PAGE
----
Today, we are talking feng shui and its perplexing rulebook of metaphysical measurements, methods, and machinations. Is feng shui just a fancy Chinese system used by western hipsters to make you feel dumb? No, but you would be forgiven for thinking that. Based on western tendencies to commodify objects, practices, and philosophies from other cultures and misuse or misrepresent their purpose, we’re all pretty misinformed about what feng shui actually is. The internet, with its DIYs and clickbait, spins this ancient Chinese practice as either magic or superstition, which it is not, or a kind of interior design, which it also is not. In this episode, Bronwen dives into what feng shui actually means, how to maximize your access to beneficial chi and disperse negative chi in your home, and the basics of some of the various traditional schools of feng shui and how the western world has appropriated and bastardized elements of this ancient spiritual practice.Key Points From This Episode:Feng shui, meaning ‘wind’ and ‘water’, conveys a sense of invisible, flowing energy.How feng shui has been used in architecture for thousands of years in China.Learn about good chi and bad chi using the well-known yin yang symbol.Some of the things that can cause negative chi in your home, including geopathic stress.How to maximize your access to beneficial chi and disperse negative chi using feng shui.The basics of some of the various schools of feng shui, starting with the compass school.Find out how Donald Trump, of all people, first brought feng shui to the US.How the western interior design world appropriated and bastardized feng shui practice.Why decluttering and feng shui are not synonymous.Modern interpretations, like “wallet feng shui” or “fashion feng shui”, that have nothing to do with the traditional practice of feng shui.Bronwen shares a tip: be wary of useless commercial feng shui items.The five natural elements that feng shui relies on; fire, earth, metal, water, and wood.How the bagua energy map helps you enhance favorable flows of chi in your home.The symbolic significance of the bedroom, office, and kitchen in your home.How furniture with rounded edges can help with the flow of chi in your home. The importance of keeping areas of work and rest separate, being intentional about color palette, and keeping your windows uncovered.Feng shui rules for your kitchen, which is said to represent health, wealth, and abundance.How a wrongly positioned toilet can cause infertility and other feng shui rules for bathrooms.Why your front door and your back door should never be aligned.Learn about auspicious directions according to what is know as your kua number.How to deflect bad chi using mirrors, sound, and the presence of living things.Find out how feng shui consultant Kartar Diamond uses feng shui to predict crime.The surprising fact that feng shui has been outlawed in China since the mid-20th century.At its core, feng shui is simply a lens through which to reflect on yourself and your home.Why feng shui might be more beneficial than ever during the pandemic, when the concept of ‘home’ has faced a crisis of identity.Links:Feng Shui NexusTraditional Feng Shui Solutions by Kartar DiamondThem’s the Rules on TwitterShow Website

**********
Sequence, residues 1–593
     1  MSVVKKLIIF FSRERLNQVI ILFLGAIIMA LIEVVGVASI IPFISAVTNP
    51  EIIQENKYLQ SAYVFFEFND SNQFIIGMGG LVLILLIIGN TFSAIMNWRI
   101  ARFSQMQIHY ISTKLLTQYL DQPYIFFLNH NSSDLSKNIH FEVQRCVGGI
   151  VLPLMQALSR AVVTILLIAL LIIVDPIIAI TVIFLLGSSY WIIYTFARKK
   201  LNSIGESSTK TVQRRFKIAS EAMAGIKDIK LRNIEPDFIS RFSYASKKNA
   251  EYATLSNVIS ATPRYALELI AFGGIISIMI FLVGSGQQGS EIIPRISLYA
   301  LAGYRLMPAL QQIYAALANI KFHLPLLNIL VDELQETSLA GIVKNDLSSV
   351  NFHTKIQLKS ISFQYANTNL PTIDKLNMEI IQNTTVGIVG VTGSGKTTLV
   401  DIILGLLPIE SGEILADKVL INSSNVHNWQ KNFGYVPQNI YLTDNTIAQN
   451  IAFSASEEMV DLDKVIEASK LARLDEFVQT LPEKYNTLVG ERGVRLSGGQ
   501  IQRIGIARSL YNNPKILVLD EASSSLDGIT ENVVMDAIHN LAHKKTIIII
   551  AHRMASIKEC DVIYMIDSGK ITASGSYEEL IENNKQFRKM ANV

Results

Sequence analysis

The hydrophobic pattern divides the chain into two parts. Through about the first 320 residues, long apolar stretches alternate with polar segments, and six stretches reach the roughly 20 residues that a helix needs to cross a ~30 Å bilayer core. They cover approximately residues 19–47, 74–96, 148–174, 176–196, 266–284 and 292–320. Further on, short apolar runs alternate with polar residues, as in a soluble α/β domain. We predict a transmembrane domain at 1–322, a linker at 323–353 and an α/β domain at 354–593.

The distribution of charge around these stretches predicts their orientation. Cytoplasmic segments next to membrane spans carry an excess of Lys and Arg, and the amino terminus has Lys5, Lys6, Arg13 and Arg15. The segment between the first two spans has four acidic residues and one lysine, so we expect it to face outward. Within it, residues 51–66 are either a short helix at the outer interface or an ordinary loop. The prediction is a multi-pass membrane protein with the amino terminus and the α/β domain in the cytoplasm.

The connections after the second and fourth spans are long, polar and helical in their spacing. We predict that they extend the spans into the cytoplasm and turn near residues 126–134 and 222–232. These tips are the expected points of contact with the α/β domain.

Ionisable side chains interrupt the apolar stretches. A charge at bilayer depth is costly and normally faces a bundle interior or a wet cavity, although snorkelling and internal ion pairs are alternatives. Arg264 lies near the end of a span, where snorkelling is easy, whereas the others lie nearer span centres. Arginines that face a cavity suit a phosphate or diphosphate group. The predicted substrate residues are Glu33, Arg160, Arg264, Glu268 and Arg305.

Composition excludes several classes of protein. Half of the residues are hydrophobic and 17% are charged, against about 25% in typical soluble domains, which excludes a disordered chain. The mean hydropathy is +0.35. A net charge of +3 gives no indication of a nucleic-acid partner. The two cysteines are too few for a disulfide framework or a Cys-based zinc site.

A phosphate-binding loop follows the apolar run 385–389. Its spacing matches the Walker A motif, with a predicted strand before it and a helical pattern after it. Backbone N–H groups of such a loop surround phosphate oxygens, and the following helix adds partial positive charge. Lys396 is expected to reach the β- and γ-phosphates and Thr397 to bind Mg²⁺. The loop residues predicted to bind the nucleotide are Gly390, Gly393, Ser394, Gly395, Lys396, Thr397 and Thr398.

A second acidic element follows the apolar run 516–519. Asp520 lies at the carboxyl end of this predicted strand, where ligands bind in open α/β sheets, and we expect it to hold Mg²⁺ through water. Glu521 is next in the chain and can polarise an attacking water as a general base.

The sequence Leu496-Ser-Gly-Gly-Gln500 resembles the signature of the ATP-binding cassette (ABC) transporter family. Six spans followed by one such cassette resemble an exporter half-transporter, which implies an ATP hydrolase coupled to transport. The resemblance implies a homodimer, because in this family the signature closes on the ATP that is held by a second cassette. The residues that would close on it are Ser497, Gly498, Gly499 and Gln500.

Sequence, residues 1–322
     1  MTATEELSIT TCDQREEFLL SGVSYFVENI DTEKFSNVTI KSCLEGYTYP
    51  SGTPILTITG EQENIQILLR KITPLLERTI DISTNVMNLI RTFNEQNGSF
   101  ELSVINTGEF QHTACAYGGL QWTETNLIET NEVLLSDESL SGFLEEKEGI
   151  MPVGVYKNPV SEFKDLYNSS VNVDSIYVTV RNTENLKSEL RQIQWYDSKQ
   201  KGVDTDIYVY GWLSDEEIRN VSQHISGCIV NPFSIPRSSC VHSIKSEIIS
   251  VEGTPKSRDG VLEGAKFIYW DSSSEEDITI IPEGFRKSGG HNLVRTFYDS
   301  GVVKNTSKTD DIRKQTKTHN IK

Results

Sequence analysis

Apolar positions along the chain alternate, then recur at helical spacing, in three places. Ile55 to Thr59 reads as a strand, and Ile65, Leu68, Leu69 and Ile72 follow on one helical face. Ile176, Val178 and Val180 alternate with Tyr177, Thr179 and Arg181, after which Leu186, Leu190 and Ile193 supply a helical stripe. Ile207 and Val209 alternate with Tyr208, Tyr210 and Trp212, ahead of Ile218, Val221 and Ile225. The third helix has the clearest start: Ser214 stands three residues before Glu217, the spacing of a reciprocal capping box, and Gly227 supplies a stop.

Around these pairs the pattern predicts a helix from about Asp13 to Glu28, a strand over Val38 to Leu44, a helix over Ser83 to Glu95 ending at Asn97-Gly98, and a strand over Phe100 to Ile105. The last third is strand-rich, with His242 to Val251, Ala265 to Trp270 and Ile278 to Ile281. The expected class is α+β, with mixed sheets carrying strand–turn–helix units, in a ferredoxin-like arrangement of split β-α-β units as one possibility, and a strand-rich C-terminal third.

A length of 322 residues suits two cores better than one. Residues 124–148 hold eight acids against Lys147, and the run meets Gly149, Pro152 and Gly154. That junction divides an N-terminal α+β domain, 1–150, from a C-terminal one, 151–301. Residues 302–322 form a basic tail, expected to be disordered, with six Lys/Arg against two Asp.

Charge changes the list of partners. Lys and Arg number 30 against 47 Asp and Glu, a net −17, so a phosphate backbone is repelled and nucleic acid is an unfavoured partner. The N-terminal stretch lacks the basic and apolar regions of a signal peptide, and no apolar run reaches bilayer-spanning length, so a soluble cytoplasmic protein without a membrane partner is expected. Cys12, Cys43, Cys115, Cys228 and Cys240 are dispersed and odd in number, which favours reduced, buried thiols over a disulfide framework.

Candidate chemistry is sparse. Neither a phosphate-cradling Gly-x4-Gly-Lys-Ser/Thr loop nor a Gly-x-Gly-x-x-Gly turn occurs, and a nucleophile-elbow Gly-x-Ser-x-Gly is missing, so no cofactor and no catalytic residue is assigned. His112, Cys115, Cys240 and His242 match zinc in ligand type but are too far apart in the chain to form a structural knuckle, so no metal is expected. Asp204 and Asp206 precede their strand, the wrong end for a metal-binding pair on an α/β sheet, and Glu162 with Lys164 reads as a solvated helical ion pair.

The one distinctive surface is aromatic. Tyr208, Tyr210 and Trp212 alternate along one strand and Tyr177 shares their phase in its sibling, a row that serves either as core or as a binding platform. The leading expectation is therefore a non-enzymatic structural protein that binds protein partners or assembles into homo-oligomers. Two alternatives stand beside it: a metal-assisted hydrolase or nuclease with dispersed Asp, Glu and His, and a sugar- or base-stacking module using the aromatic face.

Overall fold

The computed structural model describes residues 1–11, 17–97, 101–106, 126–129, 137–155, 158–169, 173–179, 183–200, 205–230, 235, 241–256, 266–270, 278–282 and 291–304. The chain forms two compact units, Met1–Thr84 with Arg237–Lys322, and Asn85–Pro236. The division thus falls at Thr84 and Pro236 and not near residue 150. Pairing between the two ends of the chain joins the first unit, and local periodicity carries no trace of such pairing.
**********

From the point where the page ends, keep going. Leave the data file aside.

May 23
43 min